courtesy of Bridget Montgomery
Though it might not always feel like it, spring has sprung—which means it's time to dive headfirst into weiss (or wheat) beers. These light, sweet, citrusy brews, made from wheat in addition to the normal barley/hops mix, are perfect for the bright and breezy days we should be enjoying right about now. So forget about those heavy sweaters and even heavier stouts, and grab a tall glass with a slice of orange or lemon. Here's where to go to put a little spring in your step.
Julius Echter Hefeweiss at Huettenbar
German brewers have mastered the art of the hefeweizen, the true wheat beer. At this tiny Lincoln Square watering hole, with front windows that swing open, you can master the art of enjoying one by relaxing with a nice, light Julius Echter.
No, not Julius Meinl; that's the coffee place just down the road. It's Julius Echter, served with a lemon wedge and poured in a tall glass. Light and yellow with a cloudy consistency, this German wheat beer blows your Becks out of the water. Looking to give it a shot before you stop in for spaetzle at the Chicago Brauhaus across the street? Tell the host at the Haus that you'll be at the Huett; he'll take your cell phone number and call you when your table is ready.
Konig Ludwig at Resi's Bierstube
We're going to try to get out of the Lincoln Square/North Center/St. Ben's area after this, but it's impossible to avoid a stop at Resi's. This German restaurant and drinking establishment is rougher around the edges than the squared-away Huettenbar, but it's still a fine locale for a pre-dinner brew before heading over to Laschet's Inn across the street. Or, you can chow down at Resi's and grab a huge stein at Laschet's after.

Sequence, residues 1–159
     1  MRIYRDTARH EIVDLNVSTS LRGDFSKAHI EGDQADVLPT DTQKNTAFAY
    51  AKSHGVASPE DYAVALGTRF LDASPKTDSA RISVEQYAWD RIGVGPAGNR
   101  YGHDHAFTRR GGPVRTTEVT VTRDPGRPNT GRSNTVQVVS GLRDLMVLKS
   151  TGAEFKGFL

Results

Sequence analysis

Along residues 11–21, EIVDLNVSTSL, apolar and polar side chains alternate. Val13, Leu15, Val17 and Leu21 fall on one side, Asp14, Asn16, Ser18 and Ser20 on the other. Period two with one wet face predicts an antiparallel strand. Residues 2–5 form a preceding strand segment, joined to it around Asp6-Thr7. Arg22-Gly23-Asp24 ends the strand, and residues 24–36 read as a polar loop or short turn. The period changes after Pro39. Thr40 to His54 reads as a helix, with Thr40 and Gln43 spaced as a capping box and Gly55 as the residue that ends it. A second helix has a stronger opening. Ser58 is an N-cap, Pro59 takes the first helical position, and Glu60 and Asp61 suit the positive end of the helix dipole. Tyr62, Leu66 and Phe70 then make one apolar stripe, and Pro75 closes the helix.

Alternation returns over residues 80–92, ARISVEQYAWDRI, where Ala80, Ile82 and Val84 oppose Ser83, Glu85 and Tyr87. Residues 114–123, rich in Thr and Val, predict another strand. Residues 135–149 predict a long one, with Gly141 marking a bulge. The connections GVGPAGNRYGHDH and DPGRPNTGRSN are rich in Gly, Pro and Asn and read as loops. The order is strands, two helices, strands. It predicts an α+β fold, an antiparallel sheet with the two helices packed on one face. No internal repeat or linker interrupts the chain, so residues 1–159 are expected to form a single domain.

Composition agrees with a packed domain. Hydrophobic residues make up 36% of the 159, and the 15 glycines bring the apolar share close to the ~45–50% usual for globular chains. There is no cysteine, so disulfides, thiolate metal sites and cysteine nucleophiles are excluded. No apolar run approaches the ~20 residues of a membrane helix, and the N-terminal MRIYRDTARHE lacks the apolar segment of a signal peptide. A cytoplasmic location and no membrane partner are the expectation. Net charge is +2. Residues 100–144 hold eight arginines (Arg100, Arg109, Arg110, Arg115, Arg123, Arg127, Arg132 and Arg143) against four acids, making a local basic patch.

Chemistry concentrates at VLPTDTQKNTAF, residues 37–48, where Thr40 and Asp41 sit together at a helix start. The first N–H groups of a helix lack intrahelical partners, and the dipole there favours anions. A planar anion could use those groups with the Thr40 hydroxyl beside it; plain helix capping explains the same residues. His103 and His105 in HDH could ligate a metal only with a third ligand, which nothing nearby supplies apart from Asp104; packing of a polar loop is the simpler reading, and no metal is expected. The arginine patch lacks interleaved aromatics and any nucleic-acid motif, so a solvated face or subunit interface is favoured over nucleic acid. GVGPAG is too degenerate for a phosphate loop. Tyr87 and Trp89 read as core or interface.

A couple potato pancakes will provide a nice base for powering down some wheat beers in Resi's well-hidden beer garden out back; it's not huge, but it is a nice little slice of leafy escapism in the middle of the urban jungle. An order of potato salad and a couple thuringer (German sausage) will keep you going into the evening, giving you plenty of time to try one of the 30 weiss beers available. The Konig Ludwig, a hard-to-find weiss that tastes light and has a yeasty, spicy flavor with hints of tart fruit, stands out among the offerings.
Hofbrau Munchner Kindl Weissbiers at Uberstein
Located a couple blocks from Wrigley Field in the old Heaven on Seven space, Uberstein offers a killer street-facing bier garden and a menu full of German food, making it a great place to stop by to refuel before or after a Cubs game. First priority: grabbing a gargantuan stein of Hofbrau's weissbier. The springy brew is miles away from the bland domestics that you'll find in the bleachers. Light with a hint of lemon and banana, it's the perfect beer for a hot summer's day. Pair it with the bar's signature Schnitzelwich (hand-pounded pork loin breaded, pan-fried and topped with Swiss cheese, mayo, tomato and grilled onions), and you won't even bother grabbing a dog at the ballpark.
Uberstein's environs, outfitted with spartan tile floors, blue-and-white tablecloths and wood-trimmed walls, don't exactly scream "party," but a group of people slamming steins certainly does, as do the revelers who opt to get their drunk on via shots sucked out of a ski.
Blue Moon at Plymouth Restaurant and Bar
OK, we know that Blue Moon isn't the coolest or rarest beer in the world. In fact, if you need a beer that's just a step above your average Bud/Miller product, Blue Moon is kind of a so-so go-to choice. (Blue Moon is even made by Coors.) Still, the wheat brew, accompanied by a slice of orange, tastes mighty refreshing on a warm spring day, especially when you're drinking it at a place like this.
The owners of the White Palace and Hollywood Grill opened up Plymouth in the old Binyon's Restaurant building right by the Harold Washington Library. Its rooftop bar area just might be the best drinking location in the Loop; the space has an almost tropical feel, thanks to the ferns, plants, lanterns and wooden boardwalk-style deck. Stay there long enough with a cool brew in your hand, and you may even start to imagine the sand between your toes; those summer ales are only a month away.